At this point, the study is already useless.  We have one group defined as First Nations, but we don't know if they actually are First Nations; we only know the mothers spoke a First Nations language.  Even if the mothers were actually First Nations, mothers are only half of the genetic equation; fathers aren't even mentioned.  Then we have another group defined by French being their primary language.  Again, we don't know the actual ethnicity of these mothers.  We don't know anything about maternal health.  We don't know anything about where they live, and if that might be affecting them (though the paper does speculate that First Nations women isolated enough to not have French as their mother tongue might also be isolated enough to not have access to medical care - more on that later).  Not only is it a data dredge, but the definitions of who fits into the parameters is essentially arbitrary, and there are so many factors not taken into account, the whole thing is essentially rendered meaningless. 

Ah, but that didn't stop our intrepid researchers!

On to the next point!

Let's look at the parameters they use to determine that bigger babies among "First Nations" women are faring worse.  It's pretty straightforward.  They look at the death rates, with postneonatal deaths defined as between the ages of 28 days and 1 year.  They determined that "macrosomia" babies have postneonatal death rates 8.3 times higher in the "First Nations" group than in the "French" speaking group.

So now we're looking, not at health, but at mortality.  We don't actually know anything about the health of any of these babies, just that X number of them died.  We don't even know how or why they died, other than SIDS, which has its own category.  For all we know, some of these babies died in accidents, not because of ill health.  Also, since we're only looking at mortality rates, we don't know if the bigger babies that didn't die are at all unhealthier than their smaller counterparts.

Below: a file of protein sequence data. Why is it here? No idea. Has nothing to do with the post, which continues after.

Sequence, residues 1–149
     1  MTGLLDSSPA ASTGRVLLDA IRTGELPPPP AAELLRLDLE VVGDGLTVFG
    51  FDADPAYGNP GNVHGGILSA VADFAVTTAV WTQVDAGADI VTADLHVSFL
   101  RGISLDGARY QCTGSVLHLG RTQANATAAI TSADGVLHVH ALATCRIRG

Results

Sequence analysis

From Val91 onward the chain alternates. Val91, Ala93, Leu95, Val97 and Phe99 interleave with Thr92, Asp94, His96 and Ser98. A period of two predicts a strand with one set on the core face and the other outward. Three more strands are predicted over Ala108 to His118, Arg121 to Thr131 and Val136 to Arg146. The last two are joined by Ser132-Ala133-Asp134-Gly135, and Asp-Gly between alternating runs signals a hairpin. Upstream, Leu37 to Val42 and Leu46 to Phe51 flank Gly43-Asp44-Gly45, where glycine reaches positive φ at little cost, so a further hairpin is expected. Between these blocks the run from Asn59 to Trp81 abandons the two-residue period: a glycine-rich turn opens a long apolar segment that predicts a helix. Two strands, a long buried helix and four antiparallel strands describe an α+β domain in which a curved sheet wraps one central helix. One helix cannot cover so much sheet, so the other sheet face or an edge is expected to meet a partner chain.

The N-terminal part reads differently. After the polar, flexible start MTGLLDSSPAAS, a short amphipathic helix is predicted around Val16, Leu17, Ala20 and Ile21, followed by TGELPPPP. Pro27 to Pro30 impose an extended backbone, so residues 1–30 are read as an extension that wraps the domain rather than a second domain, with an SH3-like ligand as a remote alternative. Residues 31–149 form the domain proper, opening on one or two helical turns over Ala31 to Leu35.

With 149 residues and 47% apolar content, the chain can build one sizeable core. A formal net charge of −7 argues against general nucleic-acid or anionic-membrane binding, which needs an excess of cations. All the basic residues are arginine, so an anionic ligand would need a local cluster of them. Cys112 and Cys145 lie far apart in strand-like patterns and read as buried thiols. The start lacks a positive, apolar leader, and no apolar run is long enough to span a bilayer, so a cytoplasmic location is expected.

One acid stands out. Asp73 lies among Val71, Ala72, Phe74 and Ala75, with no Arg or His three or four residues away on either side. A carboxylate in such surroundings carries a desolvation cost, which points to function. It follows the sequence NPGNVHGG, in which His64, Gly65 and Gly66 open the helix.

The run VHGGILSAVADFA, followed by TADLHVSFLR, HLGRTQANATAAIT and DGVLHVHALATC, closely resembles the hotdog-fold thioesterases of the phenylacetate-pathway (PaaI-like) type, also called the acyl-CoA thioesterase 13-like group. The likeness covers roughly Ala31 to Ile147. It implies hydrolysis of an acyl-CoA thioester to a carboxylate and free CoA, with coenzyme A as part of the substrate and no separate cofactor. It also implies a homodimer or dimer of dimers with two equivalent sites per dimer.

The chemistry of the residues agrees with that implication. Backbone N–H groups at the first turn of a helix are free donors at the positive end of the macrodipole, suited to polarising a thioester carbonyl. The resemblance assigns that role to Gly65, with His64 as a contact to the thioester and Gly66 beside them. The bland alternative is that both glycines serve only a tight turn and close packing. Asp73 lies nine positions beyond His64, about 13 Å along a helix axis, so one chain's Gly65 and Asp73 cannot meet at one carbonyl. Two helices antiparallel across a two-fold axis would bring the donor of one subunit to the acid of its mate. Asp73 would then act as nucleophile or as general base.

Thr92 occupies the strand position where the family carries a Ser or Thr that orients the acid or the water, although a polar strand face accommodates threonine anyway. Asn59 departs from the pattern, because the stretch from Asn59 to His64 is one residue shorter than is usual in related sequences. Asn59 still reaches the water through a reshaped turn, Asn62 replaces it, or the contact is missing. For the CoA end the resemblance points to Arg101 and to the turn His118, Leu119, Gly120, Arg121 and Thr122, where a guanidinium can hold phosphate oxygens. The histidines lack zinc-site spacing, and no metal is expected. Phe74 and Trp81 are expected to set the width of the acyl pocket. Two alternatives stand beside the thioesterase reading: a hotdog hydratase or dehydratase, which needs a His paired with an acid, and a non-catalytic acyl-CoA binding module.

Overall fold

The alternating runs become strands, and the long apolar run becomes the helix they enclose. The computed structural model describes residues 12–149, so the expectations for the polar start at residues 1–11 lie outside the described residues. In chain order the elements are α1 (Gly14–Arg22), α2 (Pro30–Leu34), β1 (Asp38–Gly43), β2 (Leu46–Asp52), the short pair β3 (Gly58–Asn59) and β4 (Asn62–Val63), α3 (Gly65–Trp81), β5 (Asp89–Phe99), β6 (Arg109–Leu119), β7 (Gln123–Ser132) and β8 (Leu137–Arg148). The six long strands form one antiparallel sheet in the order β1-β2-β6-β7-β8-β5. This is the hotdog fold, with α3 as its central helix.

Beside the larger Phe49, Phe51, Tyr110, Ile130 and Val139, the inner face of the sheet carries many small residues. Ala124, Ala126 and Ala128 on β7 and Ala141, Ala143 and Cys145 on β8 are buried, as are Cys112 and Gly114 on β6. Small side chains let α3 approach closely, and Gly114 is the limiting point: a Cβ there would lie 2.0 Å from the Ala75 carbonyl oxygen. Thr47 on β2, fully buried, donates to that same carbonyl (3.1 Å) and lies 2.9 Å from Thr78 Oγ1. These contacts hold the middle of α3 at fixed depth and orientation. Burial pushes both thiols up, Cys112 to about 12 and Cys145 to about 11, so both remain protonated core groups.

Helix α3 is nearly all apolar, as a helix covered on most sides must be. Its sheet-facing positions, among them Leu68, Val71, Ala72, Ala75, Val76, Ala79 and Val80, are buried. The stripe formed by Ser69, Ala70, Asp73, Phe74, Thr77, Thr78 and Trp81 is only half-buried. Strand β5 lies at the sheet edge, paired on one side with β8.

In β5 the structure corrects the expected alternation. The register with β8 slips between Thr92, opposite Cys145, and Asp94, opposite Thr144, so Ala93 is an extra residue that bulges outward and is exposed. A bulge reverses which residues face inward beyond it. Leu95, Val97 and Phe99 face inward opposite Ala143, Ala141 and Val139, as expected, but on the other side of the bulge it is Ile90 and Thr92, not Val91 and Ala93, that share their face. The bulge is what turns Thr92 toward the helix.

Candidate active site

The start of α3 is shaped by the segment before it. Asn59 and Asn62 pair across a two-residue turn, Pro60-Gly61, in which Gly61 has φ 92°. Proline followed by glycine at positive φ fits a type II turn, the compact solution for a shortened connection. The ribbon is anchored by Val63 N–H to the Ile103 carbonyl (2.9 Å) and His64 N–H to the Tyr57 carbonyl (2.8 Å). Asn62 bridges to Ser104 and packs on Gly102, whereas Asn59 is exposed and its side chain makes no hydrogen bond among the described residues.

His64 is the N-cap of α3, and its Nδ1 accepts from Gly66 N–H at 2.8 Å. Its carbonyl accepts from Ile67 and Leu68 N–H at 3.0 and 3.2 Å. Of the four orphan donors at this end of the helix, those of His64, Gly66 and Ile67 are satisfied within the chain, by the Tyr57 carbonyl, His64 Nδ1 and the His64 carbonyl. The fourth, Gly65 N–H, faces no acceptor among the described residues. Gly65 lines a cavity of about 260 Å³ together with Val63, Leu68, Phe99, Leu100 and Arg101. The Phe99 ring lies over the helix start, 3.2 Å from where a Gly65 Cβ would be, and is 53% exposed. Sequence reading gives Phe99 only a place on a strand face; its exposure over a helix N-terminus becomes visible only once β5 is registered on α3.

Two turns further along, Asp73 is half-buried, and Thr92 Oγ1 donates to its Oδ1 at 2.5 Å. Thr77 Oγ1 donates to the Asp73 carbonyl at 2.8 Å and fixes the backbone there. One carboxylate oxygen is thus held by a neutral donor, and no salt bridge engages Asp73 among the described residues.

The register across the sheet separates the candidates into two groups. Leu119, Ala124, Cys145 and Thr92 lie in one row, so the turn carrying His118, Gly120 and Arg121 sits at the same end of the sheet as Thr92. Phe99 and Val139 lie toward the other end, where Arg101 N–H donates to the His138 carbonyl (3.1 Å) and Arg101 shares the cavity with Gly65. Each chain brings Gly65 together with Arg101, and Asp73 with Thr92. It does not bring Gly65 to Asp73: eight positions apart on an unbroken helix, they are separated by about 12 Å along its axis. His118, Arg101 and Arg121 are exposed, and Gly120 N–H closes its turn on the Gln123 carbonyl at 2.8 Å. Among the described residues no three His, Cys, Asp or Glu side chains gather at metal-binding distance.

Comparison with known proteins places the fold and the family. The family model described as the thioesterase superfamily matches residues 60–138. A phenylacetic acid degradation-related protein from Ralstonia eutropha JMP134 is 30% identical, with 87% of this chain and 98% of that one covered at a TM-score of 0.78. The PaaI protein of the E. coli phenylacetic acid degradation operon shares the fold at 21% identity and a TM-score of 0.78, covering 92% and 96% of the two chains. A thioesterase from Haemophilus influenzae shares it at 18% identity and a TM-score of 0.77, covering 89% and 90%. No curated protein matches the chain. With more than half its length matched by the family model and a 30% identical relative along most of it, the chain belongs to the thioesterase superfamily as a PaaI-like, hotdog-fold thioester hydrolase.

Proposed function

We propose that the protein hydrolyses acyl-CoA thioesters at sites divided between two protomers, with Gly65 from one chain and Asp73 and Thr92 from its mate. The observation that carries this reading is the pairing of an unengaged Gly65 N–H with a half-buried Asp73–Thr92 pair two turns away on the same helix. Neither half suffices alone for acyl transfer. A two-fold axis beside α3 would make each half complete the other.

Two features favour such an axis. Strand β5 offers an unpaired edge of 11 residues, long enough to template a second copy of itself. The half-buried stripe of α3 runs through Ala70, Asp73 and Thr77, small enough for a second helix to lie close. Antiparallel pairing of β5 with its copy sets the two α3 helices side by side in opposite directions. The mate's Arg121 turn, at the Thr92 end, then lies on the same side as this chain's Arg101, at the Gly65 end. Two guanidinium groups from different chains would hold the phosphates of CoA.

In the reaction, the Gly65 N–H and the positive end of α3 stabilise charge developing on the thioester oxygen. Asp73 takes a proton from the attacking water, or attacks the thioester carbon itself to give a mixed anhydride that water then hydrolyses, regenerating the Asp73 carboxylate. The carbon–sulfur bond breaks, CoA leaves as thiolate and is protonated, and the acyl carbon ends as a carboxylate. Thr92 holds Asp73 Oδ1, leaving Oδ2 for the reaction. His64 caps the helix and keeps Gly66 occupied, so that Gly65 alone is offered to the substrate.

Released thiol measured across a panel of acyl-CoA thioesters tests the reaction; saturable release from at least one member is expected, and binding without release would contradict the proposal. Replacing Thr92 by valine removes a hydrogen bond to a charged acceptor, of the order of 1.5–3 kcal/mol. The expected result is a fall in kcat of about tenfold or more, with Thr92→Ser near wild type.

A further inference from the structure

They did try to factor in the remoteness problem, acknowledging that lack of timely medical care could lead to increased deaths.  How did they do this?

They defined a remote area by looking at census data for how many people living in the postal code areas listed for the mothers commuted to urban centres for work.


As the paper is concluded, the authors talk about such things as how we know about the higher rates of diabetes among First Nations, so improving treatment for mothers might help reduce incidence of macrosomian among First Nations babies - except that they didn't actually have any data about diabetes or glucose tolerance.

Then they say more research in needed.  Yeah... and more research grants, I'm sure!

When I first started reading about this, and how it was talking about there was an increased trend towards macrosomia (what a strange word - it sounds like a sleep disorder) among First Nations babies in Quebec, I assumed it was actually recent.  It turns out that all these numbers they looked at are for births from 1991 to 2001.  They explain why in the paper.  The babies in this data dredge that didn't die in their first year would be turning anywhere from 10 to 20 years old this year.  It would be safe to assume at least some of these children have died in the last one to two decades.  There's nothing to tell us these bigger babies that didn't die in their first year have any more or less health problems than average sized or smaller babies, just as we know nothing about their actual health in their first year; all we know is that they didn't die.

Oh, and the actual number of larger babies dieing before their 1st birthday in the space of ten years?

Nine out of 1,424.

In the same time period, for postneonatal babies in the 10-90th percentile, 19 out of 3, 542 died.

Adjusting to per/1000, that's a change from 5.4 deaths of average sized babies (though 10-90% is a rather huge range to compare against) to 6.3 for larger babies.

The difference between postneonatal mortality rates in the 10-90th percentile vs the greater than 90th percentile works out to be an increase of .9/1000 births over the space of ten years.

One would suspect that there's far more than infant size that's causing the disparity in death rates between the First Nations language group and the French language group. 

Based on all this, the authors state "Parents and caregivers should be vigilant about the substantially elevated risk of postneonatal death among macrosomic infants of First Nations women."  However, their data also shows that being bigger might actually have protective qualities for perinatal babies.  So... up to the first 28 days, being bigger is good, but after that 28 day mark, their size is suddenly a risk factor?

There is so much wrong with this "study," it was hard to actually read it.  The entire foundation it's based on is meaningless.  They could just as easily be telling us that speaking a First Nations language leads to higher infant mortality rates.  This, however, seems to be what passes for "science" these days.